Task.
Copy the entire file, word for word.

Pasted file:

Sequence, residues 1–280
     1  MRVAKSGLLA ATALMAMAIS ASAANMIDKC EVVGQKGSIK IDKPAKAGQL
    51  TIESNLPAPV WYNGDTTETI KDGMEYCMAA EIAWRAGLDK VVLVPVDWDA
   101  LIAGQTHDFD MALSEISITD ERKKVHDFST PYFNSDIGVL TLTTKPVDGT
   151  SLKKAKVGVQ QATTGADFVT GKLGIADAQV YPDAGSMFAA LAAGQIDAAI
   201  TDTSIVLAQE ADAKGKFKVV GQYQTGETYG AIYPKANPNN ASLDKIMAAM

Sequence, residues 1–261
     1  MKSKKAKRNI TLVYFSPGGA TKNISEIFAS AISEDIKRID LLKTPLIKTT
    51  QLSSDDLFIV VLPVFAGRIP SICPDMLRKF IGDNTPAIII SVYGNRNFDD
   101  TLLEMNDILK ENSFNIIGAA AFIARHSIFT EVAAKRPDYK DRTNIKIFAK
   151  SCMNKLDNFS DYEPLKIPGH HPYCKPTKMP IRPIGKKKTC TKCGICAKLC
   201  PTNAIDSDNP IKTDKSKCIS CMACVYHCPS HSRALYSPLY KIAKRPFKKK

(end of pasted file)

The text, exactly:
Sequence, residues 1–280
     1  MRVAKSGLLA ATALMAMAIS ASAANMIDKC EVVGQKGSIK IDKPAKAGQL
    51  TIESNLPAPV WYNGDTTETI KDGMEYCMAA EIAWRAGLDK VVLVPVDWDA
   101  LIAGQTHDFD MALSEISITD ERKKVHDFST PYFNSDIGVL TLTTKPVDGT
   151  SLKKAKVGVQ QATTGADFVT GKLGIADAQV YPDAGSMFAA LAAGQIDAAI
   201  TDTSIVLAQE ADAKGKFKVV GQYQTGETYG AIYPKANPNN ASLDKIMAAM

Sequence, residues 1–261
     1  MKSKKAKRNI TLVYFSPGGA TKNISEIFAS AISEDIKRID LLKTPLIKTT
    51  QLSSDDLFIV VLPVFAGRIP SICPDMLRKF IGDNTPAIII SVYGNRNFDD
   101  TLLEMNDILK ENSFNIIGAA AFIARHSIFT EVAAKRPDYK DRTNIKIFAK
   151  SCMNKLDNFS DYEPLKIPGH HPYCKPTKMP IRPIGKKKTC TKCGICAKLC
   201  PTNAIDSDNP IKTDKSKCIS CMACVYHCPS HSRALYSPLY KIAKRPFKKK